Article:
At the morning service this Sunday we looked at the birth of John the Baptist and his father Zechariah’s hymn of praise that immediately followed (Luke 1:57-80). Just as Gabriel had said, Zechariah was mute until the day of John’s birth because he did not believe the angel’s promise that his elderly and barren wife Elizabeth would conceive and bear a son (1:20). But when Zechariah’s “mouth was opened and his tongue loosed” (v.64), he burst out with a volcanic eruption of praise to God. And he praised God not so much for the birth of his son, though he was surely rejoicing in that, but for the great work of salvation the Lord was about to do through the soon-to-be-born Jesus Christ. John the Baptist’s entire ministry was to point others to Jesus, and here on the day of his birth he’s doing just that as the words of his father’s prophecy and praise focus not on his son John, but on Christ.
First, using language and imagery from the exodus, Zechariah declared that God had brought deliverance to his people from their enemies (vs. 71, 74). In the light of the teaching and work of Christ, we know Zechariah (or better, the Holy Spirit speaking through Zechariah – v.67) was not describing a political salvation from the oppression of Rome, but a spiritual salvation from bondage to sin. As Christians this is part of our redemption – Christ has delivered us from the power and dominion of sin over us. This doesn’t mean we don’t struggle with sin and often stumble. But it means that sin is no longer our master so that we should serve it (Romans 6:6-14).
And in that freedom from sin’s reign we ought to rejoice. I recently read an account of the scenes of exuberant joy among plantation slaves when the Emancipation Proclamation was read to them. At last they were free! God’s Emancipation Proclamation is the gospel of Jesus Christ. By faith in Christ, we are free from sin’s cruel tyranny. And as free people, we must use our liberty to serve and worship God. Just as the Lord demanded that Pharaoh let his people go, that they might serve him in the wilderness, so Christ has delivered us from sin’s bondage that we might, in Zechariah’s words, “serve him without fear, in holiness and righteousness before him all our days” (v.75). True freedom is not absolute freedom from all rule, but willing submission to the gracious and loving rule of Christ.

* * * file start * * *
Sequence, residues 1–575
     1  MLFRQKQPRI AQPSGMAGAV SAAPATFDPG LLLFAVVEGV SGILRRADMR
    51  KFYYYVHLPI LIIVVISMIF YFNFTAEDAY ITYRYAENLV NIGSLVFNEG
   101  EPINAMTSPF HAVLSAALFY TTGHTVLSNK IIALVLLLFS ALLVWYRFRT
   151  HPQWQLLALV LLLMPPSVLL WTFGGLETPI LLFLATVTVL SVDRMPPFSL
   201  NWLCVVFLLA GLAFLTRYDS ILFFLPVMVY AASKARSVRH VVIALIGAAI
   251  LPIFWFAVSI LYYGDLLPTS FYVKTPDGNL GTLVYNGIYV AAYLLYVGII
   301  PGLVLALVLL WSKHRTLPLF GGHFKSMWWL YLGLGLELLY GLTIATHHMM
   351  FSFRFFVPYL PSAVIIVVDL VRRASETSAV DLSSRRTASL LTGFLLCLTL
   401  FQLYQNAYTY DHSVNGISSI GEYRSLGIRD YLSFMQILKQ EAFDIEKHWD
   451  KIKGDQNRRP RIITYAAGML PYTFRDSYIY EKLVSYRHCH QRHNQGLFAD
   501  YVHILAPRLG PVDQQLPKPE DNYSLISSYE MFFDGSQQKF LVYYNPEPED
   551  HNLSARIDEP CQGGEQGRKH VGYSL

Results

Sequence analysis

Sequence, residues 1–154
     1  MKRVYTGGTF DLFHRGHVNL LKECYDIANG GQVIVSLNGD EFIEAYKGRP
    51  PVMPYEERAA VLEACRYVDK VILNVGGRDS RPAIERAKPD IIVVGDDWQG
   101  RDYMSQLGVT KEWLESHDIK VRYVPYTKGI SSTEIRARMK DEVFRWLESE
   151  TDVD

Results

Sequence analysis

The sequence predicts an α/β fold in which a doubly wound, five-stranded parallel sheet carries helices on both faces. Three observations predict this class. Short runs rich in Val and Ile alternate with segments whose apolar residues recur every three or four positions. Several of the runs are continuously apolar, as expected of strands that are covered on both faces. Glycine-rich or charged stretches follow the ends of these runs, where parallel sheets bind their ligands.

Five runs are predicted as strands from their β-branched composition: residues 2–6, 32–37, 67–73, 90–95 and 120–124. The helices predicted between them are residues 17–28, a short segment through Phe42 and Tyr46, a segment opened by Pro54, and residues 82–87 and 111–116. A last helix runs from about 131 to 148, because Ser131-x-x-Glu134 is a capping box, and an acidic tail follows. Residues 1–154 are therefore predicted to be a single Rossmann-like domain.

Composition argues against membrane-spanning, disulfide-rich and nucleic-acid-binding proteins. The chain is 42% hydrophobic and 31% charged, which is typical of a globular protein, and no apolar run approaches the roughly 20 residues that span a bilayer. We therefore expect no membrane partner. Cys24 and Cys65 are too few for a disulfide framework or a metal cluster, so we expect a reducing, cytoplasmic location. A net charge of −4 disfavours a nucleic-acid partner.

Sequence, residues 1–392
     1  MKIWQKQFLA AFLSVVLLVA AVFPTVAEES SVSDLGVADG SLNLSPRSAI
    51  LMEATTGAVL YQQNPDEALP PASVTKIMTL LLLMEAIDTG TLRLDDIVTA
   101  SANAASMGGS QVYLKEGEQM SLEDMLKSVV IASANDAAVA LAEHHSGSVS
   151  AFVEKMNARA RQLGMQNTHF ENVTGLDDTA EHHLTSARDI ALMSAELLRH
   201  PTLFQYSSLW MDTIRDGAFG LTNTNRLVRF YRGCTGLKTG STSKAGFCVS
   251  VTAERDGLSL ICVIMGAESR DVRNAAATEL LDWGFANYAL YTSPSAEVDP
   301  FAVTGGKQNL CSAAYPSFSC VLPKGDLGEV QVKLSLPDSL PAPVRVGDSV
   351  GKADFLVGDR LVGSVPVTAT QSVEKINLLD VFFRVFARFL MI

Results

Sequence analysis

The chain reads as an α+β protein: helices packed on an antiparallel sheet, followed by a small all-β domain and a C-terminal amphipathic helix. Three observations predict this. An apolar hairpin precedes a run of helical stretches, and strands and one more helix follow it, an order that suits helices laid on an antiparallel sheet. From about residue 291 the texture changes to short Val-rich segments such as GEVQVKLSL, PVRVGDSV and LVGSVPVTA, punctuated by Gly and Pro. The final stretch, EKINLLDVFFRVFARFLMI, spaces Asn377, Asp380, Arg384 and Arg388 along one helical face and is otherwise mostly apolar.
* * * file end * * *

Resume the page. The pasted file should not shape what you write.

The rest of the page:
Second, in his prophecy Zechariah speaks of our freedom from the guilt of sin. He says that John will go before the Lord (read “Jesus”) “to give knowledge of salvation to his people in the forgiveness of sins” (vs.76, 77). As a priest who participated in the animal sacrifices at the temple in Jerusalem, Zechariah would have understood instinctively that God’s salvation must involve forgiveness of sins. He’d seen the life-blood of countless animals poured out at the altar, and he knew that sinners could have not communion with a holy God without that shed blood to atone for sin. Of course all the temple sacrifices were but types and shadows of the one great sacrifice of Christ, who offered himself on the cross as the Lamb of God to remove from us the guilt of sin forever. All that Zechariah did as a priest was soon to be fulfilled by the Great High Priest. No wonder this faithful and pious man was filled with praise!
If your trust is in Christ, by God’s grace you have been delivered from both the power and guilt of sin. Having been set free, may Christ direct you “in the way of peace” (v.79).
At the evening service we continued our study of the Heidelberg Catechism, considering the meaning of the Lord’s Supper.
Soli Deo Gloria!